Not even a probability.
A hope for what could be.
A month ago, I didn’t see you coming. After almost 3 years of waiting and wondering, we were ready to throw in the towel. I was finally prepared to give you up.
“Time to dream new dreams,” I said. I told myself I was ready to stop treading water. It was time to get on with my life. We considered telling them to count us out entirely. But some small shred of hope said, “what can it hurt?”
But I thought it was done. I grieved for you, my little possibility. There were tears and anger and numb acceptance. Some days I didn’t think of you at all. But every time I thought I had put you behind me, the cycle would start again.
It wasn’t pretty.
I choked on the hurt when mother and infant sat in front of us at church. I forced myself to pack up the baby toys, but I couldn’t give them away. The box is still there on the shelf. I put off meeting with an academic advisor or committing to a major. As much as I am enjoying school, it is not what I want to be doing right now.
I started praying again, like I used to during the dark days. Not out of routine, but because I need to. To get through the day. To keep my emotions in check. To remember how much I have been given. This is one good thing about grief. I am never closer to God than during times like these.
I knew it would take a long time to forget.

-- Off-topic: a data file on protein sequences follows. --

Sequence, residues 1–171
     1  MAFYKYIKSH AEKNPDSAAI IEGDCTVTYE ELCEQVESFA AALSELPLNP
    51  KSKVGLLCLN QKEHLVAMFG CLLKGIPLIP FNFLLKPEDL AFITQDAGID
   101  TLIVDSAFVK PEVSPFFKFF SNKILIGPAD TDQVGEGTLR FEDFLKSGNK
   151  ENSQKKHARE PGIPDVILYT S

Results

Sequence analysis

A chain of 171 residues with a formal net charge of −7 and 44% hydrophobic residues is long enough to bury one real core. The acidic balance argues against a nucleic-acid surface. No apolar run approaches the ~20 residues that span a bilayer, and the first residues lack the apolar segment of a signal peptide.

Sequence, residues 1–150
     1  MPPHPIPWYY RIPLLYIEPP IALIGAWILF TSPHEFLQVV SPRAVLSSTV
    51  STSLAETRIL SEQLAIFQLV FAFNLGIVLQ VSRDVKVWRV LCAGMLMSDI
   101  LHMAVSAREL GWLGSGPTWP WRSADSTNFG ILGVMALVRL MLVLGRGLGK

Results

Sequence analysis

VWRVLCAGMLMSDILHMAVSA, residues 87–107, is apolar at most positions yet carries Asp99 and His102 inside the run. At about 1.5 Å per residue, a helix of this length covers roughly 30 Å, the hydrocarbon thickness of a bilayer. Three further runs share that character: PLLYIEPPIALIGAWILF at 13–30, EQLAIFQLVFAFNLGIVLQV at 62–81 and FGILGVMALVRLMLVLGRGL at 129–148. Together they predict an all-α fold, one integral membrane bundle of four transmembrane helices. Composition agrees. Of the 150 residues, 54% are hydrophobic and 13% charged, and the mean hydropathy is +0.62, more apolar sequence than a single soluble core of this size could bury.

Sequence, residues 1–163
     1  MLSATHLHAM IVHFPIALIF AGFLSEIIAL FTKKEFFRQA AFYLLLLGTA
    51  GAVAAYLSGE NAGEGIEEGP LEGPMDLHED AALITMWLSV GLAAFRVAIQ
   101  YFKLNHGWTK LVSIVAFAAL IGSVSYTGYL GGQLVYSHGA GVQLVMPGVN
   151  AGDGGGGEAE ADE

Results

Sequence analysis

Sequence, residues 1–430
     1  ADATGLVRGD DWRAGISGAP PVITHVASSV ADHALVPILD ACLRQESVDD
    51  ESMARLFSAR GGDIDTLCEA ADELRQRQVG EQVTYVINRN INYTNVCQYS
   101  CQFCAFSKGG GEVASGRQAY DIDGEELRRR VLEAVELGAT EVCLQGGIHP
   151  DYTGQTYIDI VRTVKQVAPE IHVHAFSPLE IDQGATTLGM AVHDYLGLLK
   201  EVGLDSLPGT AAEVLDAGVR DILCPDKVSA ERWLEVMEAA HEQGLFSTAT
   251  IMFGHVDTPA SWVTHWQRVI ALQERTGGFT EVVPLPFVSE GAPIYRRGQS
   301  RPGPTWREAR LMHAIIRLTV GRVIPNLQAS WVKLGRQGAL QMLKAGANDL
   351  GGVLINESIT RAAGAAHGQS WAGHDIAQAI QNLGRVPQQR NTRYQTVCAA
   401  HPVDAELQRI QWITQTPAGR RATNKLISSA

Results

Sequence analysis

Then we got an unexpected email from our social worker. And you appeared on the horizon. But we had been there before and nothing had come of it. We threw our hat in the ring and carried on with life.
Then we heard from YOUR social worker. And the speculation begins… what exactly does “very excited about a possible match” mean? Did she say “very”? What percentage of possible are we talking? We have so many questions.
For the first time you have a name. There is a lot to be done. We have to know and understand and make sure that we are the right family for you. And so do they.
I am trying, desperately trying, to play it cool. Is it possible to be cool if you have to desperately try for it?
Because I want to bring you home. I want snips and snails and puppy dog tails. I want happily ever happy. I even want messy, difficult, overwhelming reality. As long as you can be mine.
So here’s me, praying that our little possibility will someday be our son.